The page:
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Indybay FeatureRelated Categories: San Francisco | Legal Support
Independent Journalist Asserts Constitutional Rights to Resist Federal Grand Jury Subpoena
U.S. government dismissed subpoena yesterday to compel testimony and video evidence to grand jury in San Francisco.
For Immediate Release: June 16, 2006
Grand Jury Resistance Project
gjrp [at] fbiwitchhunt.org
San Francisco -- In a show of courage against an attempt by the federal government to obtain First Amendment protected information, independent journalist Josh Wolf refused to testify or provide video evidence yesterday to a federal grand jury convened in February. The grand jury is investigating events surrounding a July 2005 demonstration against the Group of Eight (G8) meeting that year in Scotland. Wolf asserted his First, Fourth, Fifth, Sixth, and Fourteenth Amendment Rights as a basis for declining to answer the grand jury.
In a closed session, San Francisco District Court Judge William Alsup threatened Wolf with confinement for civil contempt if he did not comply with the subpoena. Judge Alsup was not the judge assigned to the case, and unfamiliar with prior proceedings, but insisted on hearing the matter. Making his position clear from the start, Judge Alsup ordered the hearing closed, barring a number of supporters and a San Francisco Chronicle reporter from the courtroom. The order ignored both Ninth Circuit case law and a previous order by Magistrate Maria-Elena James requiring that the hearings in the case be open.
At one point during the closed hearing, Judge Alsup called in U.S. Marshals in what appeared to be an attempt to intimidate Wolf and his attorneys. "What we saw today was the harassment and intimidation of a journalist and an activist," said Samantha Levens of the Grand Jury Resistance Project (GJRP), who observed the Marshals in the courtroom. "Yet, the dismissal of the subpoena shows how important it is to resist misuse of government power in order to obstruct political fishing expeditions and suppression of free speech rights."
The grand jury was convened ostensibly to investigate alleged damage to a police vehicle at the time of the July protest. However, the GJRP, a coalition of lawyers and activists working to resist politically motivated attacks by government, condemned the still-active investigation. The GJRP claimed that the San Francisco Police Department (SFPD) and the Federal Bureau of Investigation (FBI) are working together to misuse the federal grand jury to circumvent the California Shield Law, which protects journalists' files and notes.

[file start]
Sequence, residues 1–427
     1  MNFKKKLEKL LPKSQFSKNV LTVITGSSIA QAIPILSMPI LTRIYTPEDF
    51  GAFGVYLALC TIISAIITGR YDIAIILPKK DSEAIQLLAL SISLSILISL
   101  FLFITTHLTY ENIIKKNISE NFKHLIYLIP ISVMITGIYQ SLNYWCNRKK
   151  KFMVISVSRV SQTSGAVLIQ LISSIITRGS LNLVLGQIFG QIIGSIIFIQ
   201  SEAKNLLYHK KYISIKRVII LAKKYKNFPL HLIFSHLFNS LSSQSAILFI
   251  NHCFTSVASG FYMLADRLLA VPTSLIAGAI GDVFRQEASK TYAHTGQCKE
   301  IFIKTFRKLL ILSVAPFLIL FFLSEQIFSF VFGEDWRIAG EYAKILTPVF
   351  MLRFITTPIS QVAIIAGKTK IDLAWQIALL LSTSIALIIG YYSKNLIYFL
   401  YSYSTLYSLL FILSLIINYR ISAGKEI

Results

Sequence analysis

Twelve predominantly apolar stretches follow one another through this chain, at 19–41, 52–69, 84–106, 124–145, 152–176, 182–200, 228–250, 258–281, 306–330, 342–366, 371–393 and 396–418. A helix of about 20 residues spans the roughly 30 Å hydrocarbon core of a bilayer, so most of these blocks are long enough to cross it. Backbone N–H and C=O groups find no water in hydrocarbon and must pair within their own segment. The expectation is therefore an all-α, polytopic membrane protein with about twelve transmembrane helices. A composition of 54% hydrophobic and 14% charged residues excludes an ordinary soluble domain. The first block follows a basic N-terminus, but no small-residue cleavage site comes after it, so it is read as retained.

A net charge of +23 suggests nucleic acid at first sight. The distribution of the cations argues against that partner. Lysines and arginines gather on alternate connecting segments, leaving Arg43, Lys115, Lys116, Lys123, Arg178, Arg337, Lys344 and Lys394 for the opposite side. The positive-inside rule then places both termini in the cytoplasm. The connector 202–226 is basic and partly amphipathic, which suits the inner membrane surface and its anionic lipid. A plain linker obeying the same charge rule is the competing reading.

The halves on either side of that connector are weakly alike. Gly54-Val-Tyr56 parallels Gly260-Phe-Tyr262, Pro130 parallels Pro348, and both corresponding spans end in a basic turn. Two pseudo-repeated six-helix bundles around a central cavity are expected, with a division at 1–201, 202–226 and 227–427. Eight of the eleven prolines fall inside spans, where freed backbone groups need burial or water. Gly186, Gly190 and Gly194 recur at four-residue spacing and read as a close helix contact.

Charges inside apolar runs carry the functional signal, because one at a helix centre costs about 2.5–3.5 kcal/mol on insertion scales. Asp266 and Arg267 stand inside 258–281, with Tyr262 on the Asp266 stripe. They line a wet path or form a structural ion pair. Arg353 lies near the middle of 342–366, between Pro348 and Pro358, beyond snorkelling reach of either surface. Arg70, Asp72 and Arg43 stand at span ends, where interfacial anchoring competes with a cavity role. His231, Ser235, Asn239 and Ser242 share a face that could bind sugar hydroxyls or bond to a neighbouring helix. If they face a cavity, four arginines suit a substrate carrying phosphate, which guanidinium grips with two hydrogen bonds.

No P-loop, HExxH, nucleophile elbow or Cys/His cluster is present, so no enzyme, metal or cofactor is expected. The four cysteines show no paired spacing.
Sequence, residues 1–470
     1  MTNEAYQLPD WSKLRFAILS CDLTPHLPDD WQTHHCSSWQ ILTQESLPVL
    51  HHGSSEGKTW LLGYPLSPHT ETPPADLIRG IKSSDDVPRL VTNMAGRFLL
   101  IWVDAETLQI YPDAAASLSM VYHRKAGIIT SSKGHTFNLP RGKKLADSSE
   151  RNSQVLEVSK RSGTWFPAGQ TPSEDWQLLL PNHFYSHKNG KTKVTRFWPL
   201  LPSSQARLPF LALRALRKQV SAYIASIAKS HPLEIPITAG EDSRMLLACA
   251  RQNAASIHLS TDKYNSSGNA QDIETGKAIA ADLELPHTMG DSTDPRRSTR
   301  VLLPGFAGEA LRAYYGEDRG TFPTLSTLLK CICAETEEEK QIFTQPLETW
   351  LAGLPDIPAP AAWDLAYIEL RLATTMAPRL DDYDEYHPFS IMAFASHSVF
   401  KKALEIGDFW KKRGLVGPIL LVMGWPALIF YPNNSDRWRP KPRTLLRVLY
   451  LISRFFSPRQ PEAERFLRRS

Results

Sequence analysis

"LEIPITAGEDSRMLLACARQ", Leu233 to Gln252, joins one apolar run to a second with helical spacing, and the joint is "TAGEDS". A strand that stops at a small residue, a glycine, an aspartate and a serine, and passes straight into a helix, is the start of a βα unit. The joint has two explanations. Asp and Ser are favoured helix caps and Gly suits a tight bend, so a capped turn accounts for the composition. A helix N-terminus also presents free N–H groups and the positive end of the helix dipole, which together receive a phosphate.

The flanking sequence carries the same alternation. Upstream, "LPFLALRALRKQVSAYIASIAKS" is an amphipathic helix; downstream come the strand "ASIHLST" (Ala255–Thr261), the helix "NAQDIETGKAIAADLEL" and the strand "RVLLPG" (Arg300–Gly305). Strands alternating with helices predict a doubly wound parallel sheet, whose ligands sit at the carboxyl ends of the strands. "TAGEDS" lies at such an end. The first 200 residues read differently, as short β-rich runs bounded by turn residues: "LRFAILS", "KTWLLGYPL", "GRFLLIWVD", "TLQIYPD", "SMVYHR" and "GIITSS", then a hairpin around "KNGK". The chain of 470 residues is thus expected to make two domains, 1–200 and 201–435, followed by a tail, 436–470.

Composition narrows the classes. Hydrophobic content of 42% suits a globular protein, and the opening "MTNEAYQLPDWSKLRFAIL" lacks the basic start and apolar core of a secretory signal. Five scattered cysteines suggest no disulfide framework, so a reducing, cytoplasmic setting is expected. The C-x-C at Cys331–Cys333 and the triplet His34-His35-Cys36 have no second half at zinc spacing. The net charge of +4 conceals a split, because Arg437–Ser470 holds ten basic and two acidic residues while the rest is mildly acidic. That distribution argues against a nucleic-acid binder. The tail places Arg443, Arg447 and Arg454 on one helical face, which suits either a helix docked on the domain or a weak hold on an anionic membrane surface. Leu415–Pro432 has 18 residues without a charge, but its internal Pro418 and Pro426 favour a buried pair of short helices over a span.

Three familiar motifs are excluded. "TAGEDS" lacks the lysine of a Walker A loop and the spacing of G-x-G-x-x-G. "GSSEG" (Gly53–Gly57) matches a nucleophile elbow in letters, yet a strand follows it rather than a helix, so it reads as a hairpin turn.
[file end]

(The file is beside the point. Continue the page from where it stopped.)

The U.S. government's harassment of Josh Wolf is part of a broader, renewed use of the federal grand jury to suppress dissent. Information compiled by the GJRP shows that grand juries are currently being used against environmental and animal rights activists, as well as groups that have historically struggled for self-determination, like the Black Panther Party, frequently based on information from years, and in some cases decades, ago. GJRP reports that in the past year, at least 54 individuals have been subpoenaed and/or indicted in Denver, Eugene, Sacramento, San Francisco, San Diego, Tampa, FL, and Trenton, NJ. At least fourteen people refused to testify, and some were jailed for contempt. In an affidavit filed in connection with the indictment of three environmental activists in Auburn, CA, the FBI irrelevantly referenced "anarchists" and "anarchism" 26 times. The GJRP believes that the grand jury to which Josh Wolf was subpoenaed is part of the same, broad and unconstitutional federal investigation into anarchist and antiwar activity as well as other political movements that oppose U.S. policies.
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